It s one of you re likely to get asked. It s also a question that can force applicants into an awkward situation if they don t actually know what major they plan to pursue. Don t be misled by the question. A significant percentage of college applicants have no idea what major they will choose, and the majority of high school students who have chosen a major will actually change their mind before they graduate. Your interviewer knows this, and there is nothing wrong with being honest about your uncertainty. That said, you don t want to sound like you have never considered the question. Colleges aren t eager to admit students who entirely lack direction or academic interests. So, if you are undecided about your major, think about the difference between these two responses: If you do have a strong sense of what you want to study, you ll still want to make sure your answer creates a positive impression. Think about the following responses: Make sure you are ready to explain why you are interested in a particular field. What experiences or high school courses piqued your interest? There comes a time in every job seekers quest for the perfect position when they come across a question that just seems… stupid.  A question that, at first glance, seems almost insulting it’s so basic.  And it’s tempting to come at that question, hot on the heels of a flawless interview (full of right answers and quick responses), and toss in a half-assed sarcastic response meant to make the interviewer laugh and see you as a down-to-earth, relatable, totally hireable person…  Get our Why Do You Want To Work Here Cheat Sheet that gives you DO's DON'TS and word-for-word sample answers that you can use in your next interview. The first is about what you want to get, and the second is about what you want to learn and share. Complete them. They hope that their partner will give them what they are not giving to themselves and what they might not have received as children. You might be thinking, Right!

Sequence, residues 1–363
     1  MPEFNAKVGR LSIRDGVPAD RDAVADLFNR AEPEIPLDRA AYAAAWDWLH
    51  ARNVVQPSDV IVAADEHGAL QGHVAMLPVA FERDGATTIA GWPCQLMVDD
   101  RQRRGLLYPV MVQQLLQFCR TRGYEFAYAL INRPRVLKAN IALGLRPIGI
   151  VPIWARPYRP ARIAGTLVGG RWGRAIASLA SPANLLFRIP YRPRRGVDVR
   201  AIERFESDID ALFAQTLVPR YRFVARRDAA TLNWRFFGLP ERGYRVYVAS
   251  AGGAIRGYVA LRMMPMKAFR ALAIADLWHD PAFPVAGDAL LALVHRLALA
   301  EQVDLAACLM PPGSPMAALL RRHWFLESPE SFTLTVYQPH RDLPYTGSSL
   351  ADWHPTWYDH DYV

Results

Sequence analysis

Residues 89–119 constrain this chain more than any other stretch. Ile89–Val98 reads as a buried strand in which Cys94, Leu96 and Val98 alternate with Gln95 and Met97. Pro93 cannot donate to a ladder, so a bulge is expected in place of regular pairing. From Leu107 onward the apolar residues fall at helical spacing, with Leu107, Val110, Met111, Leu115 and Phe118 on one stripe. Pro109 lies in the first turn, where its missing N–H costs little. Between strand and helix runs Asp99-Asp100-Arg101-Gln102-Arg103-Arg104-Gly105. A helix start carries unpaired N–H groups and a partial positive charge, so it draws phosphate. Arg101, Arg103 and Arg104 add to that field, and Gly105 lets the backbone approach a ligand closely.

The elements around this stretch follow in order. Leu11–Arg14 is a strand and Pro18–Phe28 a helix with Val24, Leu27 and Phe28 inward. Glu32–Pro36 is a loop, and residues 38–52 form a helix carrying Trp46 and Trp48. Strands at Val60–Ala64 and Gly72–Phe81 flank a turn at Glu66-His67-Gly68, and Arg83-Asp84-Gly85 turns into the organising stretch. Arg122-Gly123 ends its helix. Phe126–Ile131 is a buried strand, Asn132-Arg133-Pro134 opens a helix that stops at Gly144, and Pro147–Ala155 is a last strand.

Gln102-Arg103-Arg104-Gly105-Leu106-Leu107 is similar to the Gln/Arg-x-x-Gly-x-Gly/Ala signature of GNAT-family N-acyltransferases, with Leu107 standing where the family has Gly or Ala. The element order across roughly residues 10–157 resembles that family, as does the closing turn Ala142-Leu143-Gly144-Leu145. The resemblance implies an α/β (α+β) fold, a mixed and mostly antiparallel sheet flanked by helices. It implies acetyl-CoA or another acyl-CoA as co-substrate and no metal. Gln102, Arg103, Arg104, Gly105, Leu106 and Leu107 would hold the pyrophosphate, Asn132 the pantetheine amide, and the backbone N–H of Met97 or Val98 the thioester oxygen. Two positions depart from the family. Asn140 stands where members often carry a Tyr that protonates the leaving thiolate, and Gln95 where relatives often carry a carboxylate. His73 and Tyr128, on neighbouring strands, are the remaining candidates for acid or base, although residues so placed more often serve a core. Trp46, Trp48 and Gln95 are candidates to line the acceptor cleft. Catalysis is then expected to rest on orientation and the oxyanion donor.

Why Do You Want To Work Here Sample Included